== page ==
Currently viewing the tag: "lemon"

A variation on classic gremolata, tweaked a little to match up with romanesco or cauliflower fried until crisp.

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This is meant to be a topping for bruschetta, but works perfectly as a side dish or topping on flatbread.

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A variation on a theme, only here the butter and oil from roasting form part of a Meyer lemon dressing that garnishes the radishes and dresses the Little Gem lettuce salad this recipe is destined for. This recipe would be nice with fish, chicken or pork, or anything that would go with the word picatta.

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This variation of rémoulade uses juice from grilled lemons, and adds some sharper mustard to add a smoky quality while adding to the zip. The marjoram adds a sweet freshness that counters the earthy qualities of celeriac and asparagus and brings out the sweetness of these vegetables.

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Simple, yet full of flavor and wonderful contrasts. The grilled lemon dressing really brings things together in a way that a non-grilled lemon dressing will not.

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Grilling a lemon just adds a certain je ne sais quoi to lemons where juice is going to be used. There is a certain smoky char that is faint but there, and the juice seems sweeter. This dressing was made for a salad with grilled zucchini and tomatoes and mint, so the bit of sweetness acts as a foil to the acid in the tomatoes and the slight bitterness of the squash.

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The lemon brings out the brightness in the mustard, and the sesame adds a slightly sweet/nutty flavor with random spots of crunch that plays well with the mustard.

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No meat in this, but the presentation, the thin slices, and the fact that it is raw make the connection in my mind. This is one of those times you want a fixed blade slicer. It can be done with a knife, but it will be a challenge. Cousa and zucchini are ideal for this dish, and Pattypan will work as well, but I think crooknecks are best left for other preparations. This dish lends itself to variations, from really simple to simple but elegant. The dressing can be scattered as separate ingredients or made into a vinaigrette, the garnish can be skipped or be complex-it’s all up to what you want at the time.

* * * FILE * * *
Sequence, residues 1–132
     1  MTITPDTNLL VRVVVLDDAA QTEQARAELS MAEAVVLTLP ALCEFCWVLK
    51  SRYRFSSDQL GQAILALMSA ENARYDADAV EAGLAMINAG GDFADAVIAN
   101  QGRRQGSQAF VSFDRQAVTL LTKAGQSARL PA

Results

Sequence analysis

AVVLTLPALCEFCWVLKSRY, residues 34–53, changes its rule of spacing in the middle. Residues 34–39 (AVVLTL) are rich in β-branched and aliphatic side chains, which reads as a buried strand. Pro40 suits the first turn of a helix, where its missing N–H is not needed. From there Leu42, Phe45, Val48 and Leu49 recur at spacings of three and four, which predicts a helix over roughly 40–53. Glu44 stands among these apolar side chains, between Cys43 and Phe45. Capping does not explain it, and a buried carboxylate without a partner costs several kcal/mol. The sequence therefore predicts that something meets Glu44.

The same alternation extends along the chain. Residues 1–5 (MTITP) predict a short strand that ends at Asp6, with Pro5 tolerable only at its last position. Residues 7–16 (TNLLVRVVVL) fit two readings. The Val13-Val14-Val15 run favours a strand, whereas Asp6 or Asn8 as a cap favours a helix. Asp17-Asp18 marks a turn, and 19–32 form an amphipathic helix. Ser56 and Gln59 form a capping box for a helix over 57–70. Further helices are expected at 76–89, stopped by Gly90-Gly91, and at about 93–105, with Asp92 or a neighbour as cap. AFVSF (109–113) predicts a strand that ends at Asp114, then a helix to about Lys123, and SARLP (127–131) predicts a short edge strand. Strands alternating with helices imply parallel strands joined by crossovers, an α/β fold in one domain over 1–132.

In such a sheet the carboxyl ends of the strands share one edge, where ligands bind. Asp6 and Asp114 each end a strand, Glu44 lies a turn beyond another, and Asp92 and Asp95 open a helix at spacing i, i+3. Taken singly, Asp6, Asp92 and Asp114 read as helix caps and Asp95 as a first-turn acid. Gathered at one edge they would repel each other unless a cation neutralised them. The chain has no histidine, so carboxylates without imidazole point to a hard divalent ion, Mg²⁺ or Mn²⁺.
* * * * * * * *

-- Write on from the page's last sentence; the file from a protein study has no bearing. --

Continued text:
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A paean to late lasting summer bounty. Although the salad is like a lot of the Moroccan inspired ones posted before, this could be combined with lettuce if you wanted. It could also be piled onto toasted flat breads or grilled slabs of some crusty sturdy bread like a ciabatta or the like.

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Grilling a lemon just adds a certain je ne sais quoi to lemons where juice is going to be used. There is a certain smoky char that is faint but there, and the juice seems sweeter. This dressing was made for a salad with grilled zucchini and tomatoes and mint, so the bit of sweetness acts as a foil to the acid in the tomatoes and the slight bitterness of the squash.

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Sometimes I have artichokes and am not sure when I will get them into a menu, so I will just cook them when I get the chance whether I intend to serve them at that moment or not. They are good cold, can be re-heated, or worked into something else, as happened here. The combination of artichoke and potato is a great one, especially with sweet waxy potatoes such as Yukon Golds or a fingerling type. This salad would be good with some cauliflower florets blanched and dressed while hot, then cooled and added in.

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This salad is indeed inspired by traditional tabbouleh, and resulted from a hurried “tour du fridge” one night. For the cucumber, be sure to avoid any with waxed skin, or peel it, especially if the skin is thick. Smaller Japanese cucumbers are ideal. Any squash will do, but Costata Romanesco or Cousa are great because they take on color without getting mushy or bitter better than most other summer squash, and this salad is about the contrast between the chewy farro and the crisp cucumber and squash.